The above image should explain this part of the configration for the most part. I'd just like to note the importance of the DHCP server option field. Ensure that you are placing the IP of the management interface of the controller. Using any other IP address on the controller will not work. Next lets build the DHCP pool that will be required for the clients. You have the option of using an external DHCP server, but we have opted to use the server local to the WLC. To access the DHCP options, click CONTROLLER -> Internal DHCP Server. Create a new scope and set the necessary options. I don't need to show this as it's very self-explanatory. Obviously we'll set the PIX as the "Default Router" and DNS is provided by an open DNS server on the Internet. You can use your own outside DNS server if you wish.

Our final step is to setup the WLAN... which for now will have no authentication. To create a WLAN... to to WLANs -> WLANs -> New... Give it an ID and the profile name can be "Open Access" and the WLAN SSID can be something like "Open Internet Access." This is the name of the WLAN that will be shown on the users laptops. Now lets get into the details. Note the options I have arrows next to.

Again... a pretty easy configuration. Once this step is complete you should be able to connect to your guest SSID and get Internet access. This is just the first step in providing Guest Access. In future posts I'll review enabling web authentication along with developing a customizable interface for users to register that ties into the WLC local user database. Leave feedback and let me know if you're unsure about anything or if I can help at all.

Tuesday, March 27, 2007

Unified Wireless: My Take on Guest Access

As I said in a previous post, I've been working on a Cisco Unified Wireless implementation. I gave a brief overview of UW (unified wireless) below, but I want to go into depth on the topic of Guest Access. The documentation is limited and I just want to take some time to share how I'm implementing Guest Access and the configuration required.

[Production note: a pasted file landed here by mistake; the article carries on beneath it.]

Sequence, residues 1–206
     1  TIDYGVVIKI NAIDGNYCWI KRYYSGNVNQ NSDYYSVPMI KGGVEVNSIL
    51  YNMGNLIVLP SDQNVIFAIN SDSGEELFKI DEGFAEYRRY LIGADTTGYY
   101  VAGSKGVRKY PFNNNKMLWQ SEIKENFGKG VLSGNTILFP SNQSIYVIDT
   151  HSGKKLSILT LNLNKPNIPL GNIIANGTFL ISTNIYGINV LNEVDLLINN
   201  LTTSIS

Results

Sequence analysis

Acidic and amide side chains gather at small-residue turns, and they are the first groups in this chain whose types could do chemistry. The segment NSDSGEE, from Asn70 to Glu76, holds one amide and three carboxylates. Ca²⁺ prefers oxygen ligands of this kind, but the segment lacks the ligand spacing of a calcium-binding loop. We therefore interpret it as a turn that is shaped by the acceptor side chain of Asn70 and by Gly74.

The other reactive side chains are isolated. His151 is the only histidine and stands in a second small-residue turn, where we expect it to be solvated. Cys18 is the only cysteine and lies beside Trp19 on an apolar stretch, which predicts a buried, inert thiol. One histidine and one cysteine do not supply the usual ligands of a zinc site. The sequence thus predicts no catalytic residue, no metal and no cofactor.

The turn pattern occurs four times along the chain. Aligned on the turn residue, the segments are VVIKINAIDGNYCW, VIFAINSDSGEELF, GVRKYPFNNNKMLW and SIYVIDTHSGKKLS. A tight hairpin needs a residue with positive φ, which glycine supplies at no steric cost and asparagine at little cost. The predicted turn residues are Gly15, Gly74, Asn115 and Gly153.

Guest Access is pretty much what it sounds like. It's taking your wireless infrastructure and allowing "guest" users to access it while keeping your existing UW infrastructure secure. This could be used to provide Internet access to vendors visiting your facilities, or could go beyond and actually act as a open hotspot for customers. The version of Guest Access I'm working on involves allowing guests at our corporate campus to use our Internet connectivity for presentations/remote VPN access. Our corporate campus is comprised of multiple facilities all linked over our private MPLS VPN cloud.

Let me go a little bit into the architecture behind the implementation. In our headquarters facility we have installed a Cisco 4402 Wireless LAN controller. This controller acts as the "nexus" for our Guest Access infrastructure, along with allowing secure access to internal network resources for mobile employees. Our satellite offices, also part of the corporate campus, are all connected via Cisco 2811 Integrated Services Routers. In these offices we will be using NM-WLC-6 network modules. Essentially these modules are Wireless LAN Controllers which sit on-board ISR routers.